Dolce & Gabbana – It’s Backlash In China: Right from Hollywood’s red-carpet award shows to glitzy runaway shows of Paris and Milan, troops of photographers capture social media-worthy shots of pop stars, actors and style bloggers showing off the trendiest looks in fashion. These are seasons when Louis Vuitton, Versace, Gucci, and other luxury fashion houses create a big business from being in the spotlight.
One name that was not present in the glamour parade earlier this year was Dolce & Gabbana. The 1985-born iconic Italian fashion house is still trying to get past the backlash that was caused by one of its marketing campaigns launched in mid-November last year. D&G launched three short videos on Weibo – the widely used Chinese social media network in order to promote its forthcoming runway extravaganza called “The Great Show” to take place in Shanghai.
The ad campaign featured Chinese model Zuo Ye, wearing a sequined red D&G dress, struggling to consume Italian food like pizza, spaghetti, and a giant version of cannoli – with chopsticks, with stereotypical Chinese music playing in the background.
The Chinese narration in the background pronounces the brand’s name: “Dolce & Gabbana“, in an overly exaggerated accent. One of three videos which were all published on Twitter, Instagram, and Facebook, was captioned as Welcome to the first episode of D&G’s ‘eating with chopsticks’. First up today is how to use this chopstick shaped cutlery to eat your ‘GREAT traditional pizza margherita’.
This move was supposed to be a tribute to China and express the message that “D&G loves China”, however, it failed miserably. The campaign was widely dubbed as being offensive and resulted in a major controversy. It led to a major setback in China for D&G when many retailers pulled out the brand’s products.
Also, D&G had to cancel their upcoming Shanghai show as Chinese A-listers backed out from it. The controversy was further heated up when screenshots started doing the rounds in which designer Stefano Gabbana was shown insulting China using derogatory words, in an Instagram chat. D&G said that the account was briefly hacked and issued a public apology for the advertisement campaign.
The model, Zou Ye, a recent graduate of the South China Agricultural University said that the ad campaign nearly ruined her career. The model received a string of threats and hateful messages online as people saw her as being someone who was trying to make money by disrespecting her own country. However, the model shed some light on the actual scenario and apologized by sharing an 850-word long post on social media.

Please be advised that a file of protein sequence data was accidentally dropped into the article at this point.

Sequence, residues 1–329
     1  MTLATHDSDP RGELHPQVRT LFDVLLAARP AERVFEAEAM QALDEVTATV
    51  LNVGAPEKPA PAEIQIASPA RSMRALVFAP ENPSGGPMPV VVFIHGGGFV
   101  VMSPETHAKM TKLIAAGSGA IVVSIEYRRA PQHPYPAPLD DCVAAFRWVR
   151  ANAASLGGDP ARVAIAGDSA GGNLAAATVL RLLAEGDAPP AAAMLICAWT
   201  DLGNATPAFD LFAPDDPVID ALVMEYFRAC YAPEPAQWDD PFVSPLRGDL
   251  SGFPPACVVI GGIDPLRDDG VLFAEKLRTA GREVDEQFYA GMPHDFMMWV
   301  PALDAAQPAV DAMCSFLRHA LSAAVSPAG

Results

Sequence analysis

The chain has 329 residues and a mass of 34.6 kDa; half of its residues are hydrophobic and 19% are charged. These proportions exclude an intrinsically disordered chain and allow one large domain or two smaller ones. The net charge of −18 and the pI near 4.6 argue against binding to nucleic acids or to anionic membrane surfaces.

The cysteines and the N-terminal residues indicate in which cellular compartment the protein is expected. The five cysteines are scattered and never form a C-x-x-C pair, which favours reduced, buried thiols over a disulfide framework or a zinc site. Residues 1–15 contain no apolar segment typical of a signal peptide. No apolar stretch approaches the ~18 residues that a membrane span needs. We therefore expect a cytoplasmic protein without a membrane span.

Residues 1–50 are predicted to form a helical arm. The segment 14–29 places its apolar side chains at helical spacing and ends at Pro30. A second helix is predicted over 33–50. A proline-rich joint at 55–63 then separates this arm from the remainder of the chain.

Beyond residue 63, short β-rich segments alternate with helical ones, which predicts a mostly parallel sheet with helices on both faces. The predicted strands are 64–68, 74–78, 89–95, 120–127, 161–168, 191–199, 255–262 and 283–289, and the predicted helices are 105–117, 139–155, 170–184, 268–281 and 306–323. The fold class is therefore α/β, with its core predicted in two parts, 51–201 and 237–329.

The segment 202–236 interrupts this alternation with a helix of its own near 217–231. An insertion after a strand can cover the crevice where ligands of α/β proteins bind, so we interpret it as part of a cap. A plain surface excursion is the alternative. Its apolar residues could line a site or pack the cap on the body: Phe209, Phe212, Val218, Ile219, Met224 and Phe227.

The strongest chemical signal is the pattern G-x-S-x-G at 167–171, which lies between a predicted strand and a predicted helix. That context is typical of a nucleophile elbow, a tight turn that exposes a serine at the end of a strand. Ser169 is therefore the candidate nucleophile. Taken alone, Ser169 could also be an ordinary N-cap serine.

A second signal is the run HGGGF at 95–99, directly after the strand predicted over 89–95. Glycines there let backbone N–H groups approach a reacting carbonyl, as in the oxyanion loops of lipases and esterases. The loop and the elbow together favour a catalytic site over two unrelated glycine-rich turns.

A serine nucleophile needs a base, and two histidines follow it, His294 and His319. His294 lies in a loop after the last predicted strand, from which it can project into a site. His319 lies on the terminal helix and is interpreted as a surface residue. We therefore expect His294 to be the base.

Zou stated that she felt uncomfortable while on set in Milan and that the shoot was different from what she had initially expected. She said, “I was required to laugh in an exaggerated way, while trying to eat super-sized food with chopsticks.”She also apologized by saying, “I have never thought of disgracing my country; I love my country. I take pride standing on the runway as a Chinese person. I will grow from this experience and will better display the character of a Chinese citizen.”
All this stir caused retailers like Alibaba and JD in China to remove D&G products from their websites. Chinese brand ambassadors and celebrities expressed discontent, while some even resigned from their contracts with D&G.
Furthermore, it also caused demonstrations at the company’s flagship store in Milan, Italy. For a nation that takes deep pride in its traditional values and rich cultural heritage, such poorly made ad concepts are not certain to connect with the targeted audience.
Despite the controversies, China remains a major market for luxury brands that are planning to expand. Consumers in the world’s second-largest economy account for a third of the luxury spending globally and are expected to account for half of the global sales by the year 2025.